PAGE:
Doing Business the Iraqi Way:
A Wall Street Man in Bagdad
ON MAY 24, 1951, while glancing through the business pages of the New York Times, I came upon the following box inserted among the financial advertisements:
Man with banking experience, and, if possible, some legal knowledge, age 40 to 50. Must be American citizen with good appearance, to proceed forthwith Middle East to supervise liquidation of bank. Substantial salary and free transportation.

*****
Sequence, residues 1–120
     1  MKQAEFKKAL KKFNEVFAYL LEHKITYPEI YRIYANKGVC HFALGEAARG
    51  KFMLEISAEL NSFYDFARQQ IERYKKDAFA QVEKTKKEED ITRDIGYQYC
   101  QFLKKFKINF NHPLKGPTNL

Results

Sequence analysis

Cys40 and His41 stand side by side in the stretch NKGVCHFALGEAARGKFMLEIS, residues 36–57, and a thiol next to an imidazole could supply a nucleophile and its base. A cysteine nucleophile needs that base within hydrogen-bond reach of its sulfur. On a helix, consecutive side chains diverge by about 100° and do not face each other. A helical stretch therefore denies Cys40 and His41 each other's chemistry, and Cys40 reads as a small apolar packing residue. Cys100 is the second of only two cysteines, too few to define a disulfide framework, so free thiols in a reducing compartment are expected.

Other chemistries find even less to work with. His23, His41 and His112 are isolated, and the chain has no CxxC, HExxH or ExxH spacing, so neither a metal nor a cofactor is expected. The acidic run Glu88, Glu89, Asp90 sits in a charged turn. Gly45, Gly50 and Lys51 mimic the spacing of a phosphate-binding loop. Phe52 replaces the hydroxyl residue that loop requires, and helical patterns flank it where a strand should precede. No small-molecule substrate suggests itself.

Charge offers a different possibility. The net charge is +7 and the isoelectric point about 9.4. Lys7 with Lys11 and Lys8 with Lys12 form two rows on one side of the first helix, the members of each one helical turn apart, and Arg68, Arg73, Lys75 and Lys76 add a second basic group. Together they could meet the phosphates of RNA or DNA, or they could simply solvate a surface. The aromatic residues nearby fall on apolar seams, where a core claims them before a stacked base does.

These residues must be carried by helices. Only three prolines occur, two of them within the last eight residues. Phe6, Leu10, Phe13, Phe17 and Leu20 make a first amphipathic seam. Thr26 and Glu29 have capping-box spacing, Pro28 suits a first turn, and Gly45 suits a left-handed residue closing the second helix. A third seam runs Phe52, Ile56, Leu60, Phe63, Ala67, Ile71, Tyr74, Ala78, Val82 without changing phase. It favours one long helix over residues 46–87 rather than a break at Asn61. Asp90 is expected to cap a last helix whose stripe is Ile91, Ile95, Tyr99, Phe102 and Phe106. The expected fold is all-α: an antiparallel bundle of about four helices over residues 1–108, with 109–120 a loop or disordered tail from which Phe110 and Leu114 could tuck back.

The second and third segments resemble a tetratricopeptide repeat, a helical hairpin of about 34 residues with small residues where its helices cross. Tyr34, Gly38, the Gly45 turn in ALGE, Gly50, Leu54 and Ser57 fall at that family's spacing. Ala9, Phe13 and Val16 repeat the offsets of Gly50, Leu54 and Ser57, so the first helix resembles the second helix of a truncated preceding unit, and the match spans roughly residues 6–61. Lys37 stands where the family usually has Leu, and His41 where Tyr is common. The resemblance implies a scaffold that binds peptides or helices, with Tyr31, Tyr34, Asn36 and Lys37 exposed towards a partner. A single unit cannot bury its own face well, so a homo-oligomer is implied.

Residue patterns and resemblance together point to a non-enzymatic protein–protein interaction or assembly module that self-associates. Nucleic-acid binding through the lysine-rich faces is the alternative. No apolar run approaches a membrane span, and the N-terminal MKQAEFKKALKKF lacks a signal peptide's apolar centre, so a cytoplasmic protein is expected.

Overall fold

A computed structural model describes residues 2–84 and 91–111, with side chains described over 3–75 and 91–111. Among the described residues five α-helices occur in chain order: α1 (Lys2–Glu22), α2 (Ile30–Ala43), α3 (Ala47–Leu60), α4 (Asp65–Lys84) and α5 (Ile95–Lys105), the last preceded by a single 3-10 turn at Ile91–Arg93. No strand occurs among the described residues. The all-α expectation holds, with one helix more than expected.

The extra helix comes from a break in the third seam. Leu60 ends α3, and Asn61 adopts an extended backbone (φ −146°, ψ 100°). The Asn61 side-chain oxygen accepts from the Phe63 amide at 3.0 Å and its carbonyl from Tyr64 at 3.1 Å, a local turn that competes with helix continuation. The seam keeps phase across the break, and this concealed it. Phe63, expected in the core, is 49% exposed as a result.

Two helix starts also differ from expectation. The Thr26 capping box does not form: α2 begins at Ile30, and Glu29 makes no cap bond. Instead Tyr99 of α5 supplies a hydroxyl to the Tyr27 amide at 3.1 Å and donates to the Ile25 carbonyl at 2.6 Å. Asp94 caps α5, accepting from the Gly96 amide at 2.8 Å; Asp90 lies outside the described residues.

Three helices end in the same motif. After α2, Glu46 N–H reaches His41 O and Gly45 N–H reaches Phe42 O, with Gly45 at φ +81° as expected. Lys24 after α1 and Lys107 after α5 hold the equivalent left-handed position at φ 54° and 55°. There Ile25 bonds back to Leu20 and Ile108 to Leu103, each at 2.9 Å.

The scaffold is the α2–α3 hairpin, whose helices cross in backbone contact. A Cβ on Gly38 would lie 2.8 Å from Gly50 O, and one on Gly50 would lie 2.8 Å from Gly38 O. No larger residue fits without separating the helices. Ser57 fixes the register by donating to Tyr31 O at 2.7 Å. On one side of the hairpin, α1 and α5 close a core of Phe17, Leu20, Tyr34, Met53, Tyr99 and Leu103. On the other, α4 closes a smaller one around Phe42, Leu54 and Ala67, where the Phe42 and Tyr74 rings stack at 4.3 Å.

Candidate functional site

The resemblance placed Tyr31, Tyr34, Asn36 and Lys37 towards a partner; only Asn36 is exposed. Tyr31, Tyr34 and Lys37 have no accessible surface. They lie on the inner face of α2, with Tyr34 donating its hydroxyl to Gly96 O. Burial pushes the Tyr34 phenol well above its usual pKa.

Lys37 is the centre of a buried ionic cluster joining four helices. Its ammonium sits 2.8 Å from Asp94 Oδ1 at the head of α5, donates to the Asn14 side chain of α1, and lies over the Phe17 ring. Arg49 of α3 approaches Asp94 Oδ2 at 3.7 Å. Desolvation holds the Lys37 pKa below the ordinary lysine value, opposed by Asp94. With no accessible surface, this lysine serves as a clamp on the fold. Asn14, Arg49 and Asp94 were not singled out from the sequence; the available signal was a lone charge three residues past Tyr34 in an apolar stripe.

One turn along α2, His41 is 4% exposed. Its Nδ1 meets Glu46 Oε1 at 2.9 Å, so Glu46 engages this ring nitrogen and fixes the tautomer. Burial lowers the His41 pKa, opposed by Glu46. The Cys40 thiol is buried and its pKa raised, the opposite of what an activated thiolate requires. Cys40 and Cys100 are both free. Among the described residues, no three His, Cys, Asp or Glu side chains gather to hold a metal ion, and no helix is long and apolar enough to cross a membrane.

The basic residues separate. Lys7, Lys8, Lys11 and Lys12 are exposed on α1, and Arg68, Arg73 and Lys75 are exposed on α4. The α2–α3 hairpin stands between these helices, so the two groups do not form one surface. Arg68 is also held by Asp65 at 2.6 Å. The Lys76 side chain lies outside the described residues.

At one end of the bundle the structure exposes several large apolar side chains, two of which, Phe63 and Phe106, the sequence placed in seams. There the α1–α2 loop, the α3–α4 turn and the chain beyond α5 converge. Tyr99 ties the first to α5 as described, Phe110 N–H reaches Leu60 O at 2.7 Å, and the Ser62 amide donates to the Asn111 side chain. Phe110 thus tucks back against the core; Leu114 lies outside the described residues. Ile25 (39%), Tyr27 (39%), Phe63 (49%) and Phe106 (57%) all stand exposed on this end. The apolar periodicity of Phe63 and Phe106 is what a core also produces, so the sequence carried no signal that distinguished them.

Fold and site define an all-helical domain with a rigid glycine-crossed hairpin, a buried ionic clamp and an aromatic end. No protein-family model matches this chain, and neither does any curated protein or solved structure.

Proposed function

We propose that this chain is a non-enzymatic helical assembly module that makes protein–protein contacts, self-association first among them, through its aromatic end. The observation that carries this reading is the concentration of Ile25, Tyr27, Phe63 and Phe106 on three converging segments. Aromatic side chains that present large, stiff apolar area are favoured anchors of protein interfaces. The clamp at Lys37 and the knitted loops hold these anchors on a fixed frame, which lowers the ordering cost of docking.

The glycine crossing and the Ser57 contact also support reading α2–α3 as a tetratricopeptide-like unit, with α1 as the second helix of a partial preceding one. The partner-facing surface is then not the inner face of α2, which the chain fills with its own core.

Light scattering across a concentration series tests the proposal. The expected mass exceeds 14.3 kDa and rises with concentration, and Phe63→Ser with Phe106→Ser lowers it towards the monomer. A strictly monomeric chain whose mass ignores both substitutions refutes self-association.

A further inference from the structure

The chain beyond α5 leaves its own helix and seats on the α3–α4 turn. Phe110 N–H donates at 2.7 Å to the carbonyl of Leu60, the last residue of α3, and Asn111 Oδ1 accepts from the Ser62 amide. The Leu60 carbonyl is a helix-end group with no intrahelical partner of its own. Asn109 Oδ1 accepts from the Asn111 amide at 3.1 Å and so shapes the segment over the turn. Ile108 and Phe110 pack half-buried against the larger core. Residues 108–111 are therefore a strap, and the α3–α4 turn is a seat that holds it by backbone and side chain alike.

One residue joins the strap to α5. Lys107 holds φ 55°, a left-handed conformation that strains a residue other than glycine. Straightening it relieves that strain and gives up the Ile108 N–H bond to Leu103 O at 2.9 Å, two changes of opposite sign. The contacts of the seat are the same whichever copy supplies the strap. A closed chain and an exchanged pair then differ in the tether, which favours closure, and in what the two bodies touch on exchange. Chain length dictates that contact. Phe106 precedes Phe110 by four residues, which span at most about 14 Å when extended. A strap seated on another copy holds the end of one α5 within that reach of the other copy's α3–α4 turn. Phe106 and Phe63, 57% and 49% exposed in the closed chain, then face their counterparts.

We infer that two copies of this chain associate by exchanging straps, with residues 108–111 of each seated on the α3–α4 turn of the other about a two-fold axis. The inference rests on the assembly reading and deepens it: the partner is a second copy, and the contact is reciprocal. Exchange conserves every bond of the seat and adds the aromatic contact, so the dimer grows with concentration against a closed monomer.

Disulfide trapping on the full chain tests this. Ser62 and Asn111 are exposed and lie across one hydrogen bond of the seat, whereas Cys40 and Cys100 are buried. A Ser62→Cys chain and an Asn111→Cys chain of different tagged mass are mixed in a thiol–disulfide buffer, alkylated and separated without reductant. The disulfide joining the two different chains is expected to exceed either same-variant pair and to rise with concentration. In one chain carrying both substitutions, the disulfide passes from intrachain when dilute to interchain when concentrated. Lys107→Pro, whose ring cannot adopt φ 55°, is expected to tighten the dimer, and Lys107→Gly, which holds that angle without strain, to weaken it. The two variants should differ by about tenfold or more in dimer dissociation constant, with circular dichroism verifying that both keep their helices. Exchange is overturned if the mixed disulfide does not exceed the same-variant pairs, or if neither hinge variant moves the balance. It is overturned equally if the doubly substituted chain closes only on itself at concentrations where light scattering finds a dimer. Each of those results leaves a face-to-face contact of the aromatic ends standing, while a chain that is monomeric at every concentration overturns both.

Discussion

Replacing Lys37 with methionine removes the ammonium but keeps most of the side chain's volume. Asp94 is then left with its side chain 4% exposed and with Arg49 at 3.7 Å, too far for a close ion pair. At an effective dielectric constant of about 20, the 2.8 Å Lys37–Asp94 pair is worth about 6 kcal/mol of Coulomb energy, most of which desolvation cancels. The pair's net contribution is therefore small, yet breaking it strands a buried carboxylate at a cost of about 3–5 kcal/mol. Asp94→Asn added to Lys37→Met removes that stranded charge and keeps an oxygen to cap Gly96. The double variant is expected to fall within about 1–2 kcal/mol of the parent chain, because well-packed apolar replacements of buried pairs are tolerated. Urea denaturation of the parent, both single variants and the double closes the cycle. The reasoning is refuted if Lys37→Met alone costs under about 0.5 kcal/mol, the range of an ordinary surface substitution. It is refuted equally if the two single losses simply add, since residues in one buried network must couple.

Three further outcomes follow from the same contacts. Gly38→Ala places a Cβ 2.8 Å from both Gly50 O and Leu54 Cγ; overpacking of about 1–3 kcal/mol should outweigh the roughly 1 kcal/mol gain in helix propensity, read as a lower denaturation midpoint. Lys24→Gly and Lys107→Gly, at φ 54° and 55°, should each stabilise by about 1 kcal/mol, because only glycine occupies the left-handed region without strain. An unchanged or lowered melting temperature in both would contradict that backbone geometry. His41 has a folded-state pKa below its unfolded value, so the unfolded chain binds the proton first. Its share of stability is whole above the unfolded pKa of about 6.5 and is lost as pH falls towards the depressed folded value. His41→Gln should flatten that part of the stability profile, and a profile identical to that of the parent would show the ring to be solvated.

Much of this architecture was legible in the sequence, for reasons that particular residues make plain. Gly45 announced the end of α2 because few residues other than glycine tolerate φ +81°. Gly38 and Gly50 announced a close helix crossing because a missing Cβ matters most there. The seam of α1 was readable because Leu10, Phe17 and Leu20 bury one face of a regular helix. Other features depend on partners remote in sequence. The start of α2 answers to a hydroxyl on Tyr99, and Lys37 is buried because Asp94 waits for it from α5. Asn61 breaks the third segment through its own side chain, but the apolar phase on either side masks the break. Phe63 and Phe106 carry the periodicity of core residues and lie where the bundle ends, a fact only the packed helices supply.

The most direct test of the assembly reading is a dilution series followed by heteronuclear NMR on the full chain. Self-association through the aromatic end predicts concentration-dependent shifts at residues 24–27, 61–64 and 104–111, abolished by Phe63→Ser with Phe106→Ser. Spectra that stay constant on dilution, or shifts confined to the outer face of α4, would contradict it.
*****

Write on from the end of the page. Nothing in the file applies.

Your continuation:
Presumably many of us have wondered idly what lies behind these advertisements whose writers feel strongly enough about them to pay to lift them from the anonymity of the classified pages. In this case I decided to go beyond idle curiosity. I had been in Wall Street for more than twenty-five years, I had all the listed qualifications, I was rather bored with the routine of the investment banking business, and I decided to respond. Three weeks later I had an American passport, an Iraqi visa, and a round-trip air ticket to Bagdad.
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